Sprint’s latest family plan gives you twice the data as similar plans from AT&T and Verizon for roughly the same price. Sprint will also pay your early termination fee if you jump ship from a competitor while you’re still under contract. Sounds great, right? If you take a close look at the details, the luster wears thin in a hurry.
Simply put, the new Sprint plan provides more data than you probably need, on the worst network of any of the four major carriers.
In an exhaustive series of tests, RootMetrics recently rated Sprint’s performance in three of five key benchmarks worse than all of its leading competitors: AT&T, Verizon and T-Mobile. It was dead last in speed, data performance and call performance. It finished third, above T-Mobile, in text performance and reliability.
All of those areas are significant, but you’ll really notice the difference in download speed, particularly if you’re in one of the areas where Sprint has not yet built out its LTE network. Overall, Sprint’s wireless network is more than 20 percent slower than Verizon’s, according to RootMetrics.
Normally when tests like these come out, companies that fare poorly argue about the results. Not this time. “When you have a great network, you don’t have to compete on price,” Sprint’s new CEO, Marcelo Claure, told LightReading last week. “When your network is behind, unfortunately you have to compete on value and price.”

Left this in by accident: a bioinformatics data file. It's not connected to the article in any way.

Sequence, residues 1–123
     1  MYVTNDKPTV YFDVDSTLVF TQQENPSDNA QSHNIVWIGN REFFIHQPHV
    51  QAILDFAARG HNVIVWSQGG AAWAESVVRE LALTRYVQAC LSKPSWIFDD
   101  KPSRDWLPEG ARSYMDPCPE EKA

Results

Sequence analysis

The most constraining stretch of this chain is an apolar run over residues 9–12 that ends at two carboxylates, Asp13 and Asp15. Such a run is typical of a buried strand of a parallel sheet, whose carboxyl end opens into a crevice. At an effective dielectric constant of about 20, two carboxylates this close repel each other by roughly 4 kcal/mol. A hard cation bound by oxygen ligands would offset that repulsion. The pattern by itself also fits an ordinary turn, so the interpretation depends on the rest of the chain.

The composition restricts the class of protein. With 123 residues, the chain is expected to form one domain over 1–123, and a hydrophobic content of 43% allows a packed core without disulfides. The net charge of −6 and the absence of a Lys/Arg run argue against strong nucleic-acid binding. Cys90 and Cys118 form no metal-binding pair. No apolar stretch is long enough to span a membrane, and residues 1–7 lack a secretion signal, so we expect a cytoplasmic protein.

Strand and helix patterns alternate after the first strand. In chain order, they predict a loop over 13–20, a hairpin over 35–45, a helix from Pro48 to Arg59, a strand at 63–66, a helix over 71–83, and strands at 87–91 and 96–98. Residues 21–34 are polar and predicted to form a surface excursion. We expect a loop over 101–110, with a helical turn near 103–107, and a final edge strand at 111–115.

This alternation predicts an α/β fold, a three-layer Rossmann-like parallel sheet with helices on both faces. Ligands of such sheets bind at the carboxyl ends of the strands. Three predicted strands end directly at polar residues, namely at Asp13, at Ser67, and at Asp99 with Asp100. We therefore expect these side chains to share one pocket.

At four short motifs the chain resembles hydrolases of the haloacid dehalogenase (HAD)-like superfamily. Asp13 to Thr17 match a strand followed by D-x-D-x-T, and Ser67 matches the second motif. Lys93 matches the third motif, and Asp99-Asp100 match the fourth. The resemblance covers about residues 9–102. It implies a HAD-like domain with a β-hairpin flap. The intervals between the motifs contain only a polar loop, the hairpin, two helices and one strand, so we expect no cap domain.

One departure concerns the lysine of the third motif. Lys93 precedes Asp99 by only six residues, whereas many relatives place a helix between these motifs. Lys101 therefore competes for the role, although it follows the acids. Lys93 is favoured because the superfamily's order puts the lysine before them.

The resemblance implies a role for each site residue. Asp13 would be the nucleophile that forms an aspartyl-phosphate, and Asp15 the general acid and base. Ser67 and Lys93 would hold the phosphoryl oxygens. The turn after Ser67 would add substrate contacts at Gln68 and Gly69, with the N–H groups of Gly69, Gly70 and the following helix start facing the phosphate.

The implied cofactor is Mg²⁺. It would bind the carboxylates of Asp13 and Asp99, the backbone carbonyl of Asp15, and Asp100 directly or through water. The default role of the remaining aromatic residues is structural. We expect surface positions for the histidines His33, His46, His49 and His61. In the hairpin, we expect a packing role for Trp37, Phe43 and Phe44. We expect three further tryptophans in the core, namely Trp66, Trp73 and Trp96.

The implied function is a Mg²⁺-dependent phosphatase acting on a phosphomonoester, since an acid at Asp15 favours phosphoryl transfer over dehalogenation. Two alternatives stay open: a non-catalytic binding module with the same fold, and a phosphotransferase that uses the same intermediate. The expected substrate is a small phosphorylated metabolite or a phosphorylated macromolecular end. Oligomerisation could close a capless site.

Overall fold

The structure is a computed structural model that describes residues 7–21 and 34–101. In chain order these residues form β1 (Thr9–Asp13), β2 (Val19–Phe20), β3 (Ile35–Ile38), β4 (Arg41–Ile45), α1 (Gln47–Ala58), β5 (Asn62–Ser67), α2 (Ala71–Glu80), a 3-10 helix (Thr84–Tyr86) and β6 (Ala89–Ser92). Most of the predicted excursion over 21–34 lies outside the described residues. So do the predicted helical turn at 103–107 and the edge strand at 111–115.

Sprint offers a lot of different wireless plans, some fairly complicated. This new plan, though, is straightforward: A family of four that already owns its own phones or is financing phones through Sprint’s Easy Pay program can get twice as much data as it would from AT&T and Verizon and still pay the same price. For $160 a month Sprint customers get 20GB of data compared to 10GB from the two larger carriers.
If a customer switches from another carrier before September 30, she gets a discount of $60 a month, which brings the total cost down to $100 a month for 20GB of data. However, the cost goes up to $160 a month at the end of next year.
Also, do you really need 20GB of data? Unless you’re one of those dastardly “data hogs” the carriers always complain about, you likely use a lot less data in a month. Verizon throttles its customers who use 4.7GB of data (or more) and who fall into the top five percent of its users, according to the carrier.
All of that said, I think Sprint merits watching because it is in midst of improving its network. Sprint’s new CEO also knows the company has to compete on price, at least for now, so I expect to see even better deals in the future.
San Francisco journalist Bill Snyder writes frequently about business and technology. His work appears regularly in CIO.com and the publications of Stanford's Graduate School of Business and the Haas School of Business at the University of California at Berkeley. He welcomes your comments and suggestions.